A week ago, life was normal. Today not so much. My children are officially home from school indefinitely, church is live streaming only, restaurants are closing all around us, and my once rigid routine is down the toilet. So what’s a writer to do?
Trust God. Because He makes beauty out of ashes.
I know recent developments have many of us scrambling for a plan—how to work from home while kids are home, how to communicate with the world around us while we’re all on social lock down, how to find time—and purpose—for writing. So I want to encourage you with a few suggestions for making the most of this season even while everything around us seems to be falling apart. Remember none of it is a surprise to God. And He has still called you to serve Him with your gifts. Here’s how we can do just that.
Look for the need. And I’m not just talking about toilet paper. How is your audience feeling right now? What fears, worries, hopes or questions are rising in their hearts—and how can your words address them? Write to serve people. This corona-crisis is creating chaos not just in our day-to-day routines but also in our emotional stability. Use your writing to point readers to Jesus, our only unshakeable foundation. They’ll be grateful for truth in the midst of this frenzy.
Be real. Are you scared? Lonely? Going nuts with all the family people under one roof? Welcome your emotions and let them fuel your writing. This will build your authenticity, which is a quality that readers are drawn to. Just be careful not to use your audience as a dumping ground. As writers sold out for Jesus, we ought to be real yet hope-filled. That hope is what our readers need most right now.
Block out time. Facebook is teeming with ideas for family schedules this week. How to homeschool, how to keep kids active, how to embrace this opportunity for quality family time. I’ve seen at least a dozen color-coded calendar templates already in the past two days, with more to come, I’m sure. No matter how you establish your family agenda on lock-down, make sure you reserve time for yourself in the schedule. Have an open conversation with your spouse and kids so that everyone understands writing will remain a priority for you. Then build in your writing time just as you’re building in mandatory math and exercise.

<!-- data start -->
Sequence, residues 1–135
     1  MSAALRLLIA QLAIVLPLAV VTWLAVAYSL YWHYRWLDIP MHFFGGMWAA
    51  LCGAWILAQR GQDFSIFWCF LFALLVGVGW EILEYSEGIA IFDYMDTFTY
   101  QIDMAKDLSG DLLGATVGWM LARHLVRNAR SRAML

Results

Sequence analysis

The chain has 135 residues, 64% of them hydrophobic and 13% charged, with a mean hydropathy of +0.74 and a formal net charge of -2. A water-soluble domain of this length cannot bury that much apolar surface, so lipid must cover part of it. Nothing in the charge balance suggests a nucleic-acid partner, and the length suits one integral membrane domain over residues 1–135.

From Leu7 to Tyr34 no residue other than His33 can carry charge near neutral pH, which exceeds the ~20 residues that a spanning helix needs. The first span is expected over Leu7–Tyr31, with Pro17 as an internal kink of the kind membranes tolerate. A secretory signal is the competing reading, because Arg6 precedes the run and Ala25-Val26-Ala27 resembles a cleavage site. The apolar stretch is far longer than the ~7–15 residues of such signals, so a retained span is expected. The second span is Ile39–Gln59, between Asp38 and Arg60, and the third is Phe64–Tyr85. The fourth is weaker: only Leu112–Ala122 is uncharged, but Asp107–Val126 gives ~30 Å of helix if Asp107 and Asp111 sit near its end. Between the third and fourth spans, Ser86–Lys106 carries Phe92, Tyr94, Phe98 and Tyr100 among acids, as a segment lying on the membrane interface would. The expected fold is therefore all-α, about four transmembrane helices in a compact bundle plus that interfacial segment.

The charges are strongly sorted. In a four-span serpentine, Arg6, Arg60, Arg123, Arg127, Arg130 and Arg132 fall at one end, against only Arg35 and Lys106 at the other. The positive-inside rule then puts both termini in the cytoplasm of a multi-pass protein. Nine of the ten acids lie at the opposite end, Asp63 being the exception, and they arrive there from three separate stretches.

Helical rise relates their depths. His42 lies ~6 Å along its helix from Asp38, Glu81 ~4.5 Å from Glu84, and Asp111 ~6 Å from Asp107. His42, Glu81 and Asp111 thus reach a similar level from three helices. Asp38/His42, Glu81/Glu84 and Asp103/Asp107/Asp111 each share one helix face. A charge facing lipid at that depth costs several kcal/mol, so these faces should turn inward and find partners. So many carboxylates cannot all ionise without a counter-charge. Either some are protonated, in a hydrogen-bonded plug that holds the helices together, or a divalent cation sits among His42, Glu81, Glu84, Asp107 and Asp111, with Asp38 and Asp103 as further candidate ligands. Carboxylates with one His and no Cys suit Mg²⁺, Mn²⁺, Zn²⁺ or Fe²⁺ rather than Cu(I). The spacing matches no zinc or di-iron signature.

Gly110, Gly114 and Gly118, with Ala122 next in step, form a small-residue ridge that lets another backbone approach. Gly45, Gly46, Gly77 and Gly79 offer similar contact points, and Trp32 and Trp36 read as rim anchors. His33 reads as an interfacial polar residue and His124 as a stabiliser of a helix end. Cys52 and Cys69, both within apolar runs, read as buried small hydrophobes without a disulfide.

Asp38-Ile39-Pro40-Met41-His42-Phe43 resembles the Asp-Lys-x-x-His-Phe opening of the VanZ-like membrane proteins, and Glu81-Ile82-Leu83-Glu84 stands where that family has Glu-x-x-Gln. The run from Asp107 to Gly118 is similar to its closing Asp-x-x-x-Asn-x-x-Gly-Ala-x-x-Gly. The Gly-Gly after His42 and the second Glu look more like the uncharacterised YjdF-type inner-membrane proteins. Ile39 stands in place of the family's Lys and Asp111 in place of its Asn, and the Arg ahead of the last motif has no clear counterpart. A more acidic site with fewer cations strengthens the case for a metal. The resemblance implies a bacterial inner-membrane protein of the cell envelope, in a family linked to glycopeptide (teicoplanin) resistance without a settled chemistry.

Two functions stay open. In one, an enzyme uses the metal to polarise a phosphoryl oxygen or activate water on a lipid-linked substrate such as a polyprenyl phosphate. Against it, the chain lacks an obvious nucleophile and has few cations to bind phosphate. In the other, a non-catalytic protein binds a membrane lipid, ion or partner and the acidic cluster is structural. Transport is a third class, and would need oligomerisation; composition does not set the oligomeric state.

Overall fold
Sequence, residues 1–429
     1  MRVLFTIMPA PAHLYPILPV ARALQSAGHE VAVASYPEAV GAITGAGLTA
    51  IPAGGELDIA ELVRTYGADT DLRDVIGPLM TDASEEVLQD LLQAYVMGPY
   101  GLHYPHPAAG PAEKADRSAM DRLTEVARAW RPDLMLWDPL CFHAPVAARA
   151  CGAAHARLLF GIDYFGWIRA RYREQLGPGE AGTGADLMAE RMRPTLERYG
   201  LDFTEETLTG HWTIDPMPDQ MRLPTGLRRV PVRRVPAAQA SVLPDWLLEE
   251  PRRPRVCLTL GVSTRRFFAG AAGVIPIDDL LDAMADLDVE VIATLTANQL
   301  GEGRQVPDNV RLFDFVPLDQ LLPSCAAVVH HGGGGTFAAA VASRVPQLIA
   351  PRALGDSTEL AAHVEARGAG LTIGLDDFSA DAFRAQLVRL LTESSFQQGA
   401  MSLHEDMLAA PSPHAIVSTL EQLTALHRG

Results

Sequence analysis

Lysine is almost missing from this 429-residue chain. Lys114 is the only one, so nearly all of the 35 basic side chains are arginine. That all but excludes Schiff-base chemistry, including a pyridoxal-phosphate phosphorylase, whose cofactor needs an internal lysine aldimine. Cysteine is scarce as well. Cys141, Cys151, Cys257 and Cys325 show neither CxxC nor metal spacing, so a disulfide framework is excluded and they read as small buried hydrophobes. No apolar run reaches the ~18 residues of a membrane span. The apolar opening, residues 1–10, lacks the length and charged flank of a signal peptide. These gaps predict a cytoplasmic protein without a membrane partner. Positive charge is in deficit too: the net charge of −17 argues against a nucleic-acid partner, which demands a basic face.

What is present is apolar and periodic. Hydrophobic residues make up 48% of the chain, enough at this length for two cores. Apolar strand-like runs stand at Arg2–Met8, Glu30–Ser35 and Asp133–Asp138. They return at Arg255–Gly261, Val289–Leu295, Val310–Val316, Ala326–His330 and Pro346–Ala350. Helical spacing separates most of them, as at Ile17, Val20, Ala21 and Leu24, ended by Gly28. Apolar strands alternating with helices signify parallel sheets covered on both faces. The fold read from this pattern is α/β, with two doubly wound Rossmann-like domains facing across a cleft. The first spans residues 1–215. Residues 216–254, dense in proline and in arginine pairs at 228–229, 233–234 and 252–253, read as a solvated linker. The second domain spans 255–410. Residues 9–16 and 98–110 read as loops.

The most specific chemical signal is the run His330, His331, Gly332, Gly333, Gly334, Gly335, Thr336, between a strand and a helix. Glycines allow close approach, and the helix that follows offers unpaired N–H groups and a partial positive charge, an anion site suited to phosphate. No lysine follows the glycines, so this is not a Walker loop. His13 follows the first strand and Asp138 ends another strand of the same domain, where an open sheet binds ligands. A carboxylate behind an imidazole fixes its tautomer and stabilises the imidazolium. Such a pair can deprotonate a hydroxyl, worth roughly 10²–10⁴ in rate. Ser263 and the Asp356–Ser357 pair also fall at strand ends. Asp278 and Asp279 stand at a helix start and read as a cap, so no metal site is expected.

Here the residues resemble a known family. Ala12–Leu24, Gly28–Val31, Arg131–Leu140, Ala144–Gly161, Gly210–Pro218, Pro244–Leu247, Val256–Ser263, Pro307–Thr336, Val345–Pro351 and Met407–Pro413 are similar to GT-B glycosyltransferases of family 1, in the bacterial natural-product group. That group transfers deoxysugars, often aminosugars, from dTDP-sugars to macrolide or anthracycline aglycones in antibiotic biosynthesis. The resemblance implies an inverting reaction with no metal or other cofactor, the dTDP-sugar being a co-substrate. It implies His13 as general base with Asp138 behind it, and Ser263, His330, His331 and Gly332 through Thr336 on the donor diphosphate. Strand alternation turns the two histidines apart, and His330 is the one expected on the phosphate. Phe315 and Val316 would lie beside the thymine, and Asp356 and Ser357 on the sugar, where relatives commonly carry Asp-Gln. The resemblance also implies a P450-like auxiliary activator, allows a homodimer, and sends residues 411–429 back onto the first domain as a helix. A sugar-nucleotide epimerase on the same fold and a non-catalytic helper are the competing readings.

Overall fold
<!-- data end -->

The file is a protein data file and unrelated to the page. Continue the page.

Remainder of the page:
Shut down distractions. Email, social media, Zoom calls with friends. The trouble for us writers is that we do our work on a computer, which makes it super easy to switch back and forth from a Word doc to Facebook, Gmail, or the latest news feed. SHUT IT ALL DOWN. This is YOUR reserved writing time, so don’t sabotage it with temptations to stray from actually writing. Instagram will still be there when you’re done. Give your writing your undivided attention. You might be amazed how productive you can be.
Give yourself grace. At the same time, be kind to yourself if you find your best laid plans for writing just aren’t going to work out on any given day. Nobody is putting pressure on you but you—and God has a lot of grace for all of us. You’ll be better off taking a break and returning the next day, when your mind isn’t bogged down with frustration or external demands.
Keep a long-term outlook. This virus crisis is all new and strange right now. Remember that although much is uncertain, this new normal will not last forever. God has called you to write; therefore, He will equip you to finish the work He has called you to do, even in a crisis. When it’s all over and we’re free to escape our homes and set up our happy laptops in the downtown coffee shop once more, you will have gained tremendous ground toward a goal that was set long before coronavirus became a household term. Whether that’s consistent blogging, social posting, or writing a big-scale project like a book or screenplay, keeping your eyes on Jesus and what He has asked you to do will help redeem this season for His glory.
Keep writing, my friends. God is with us. And He will see us through!
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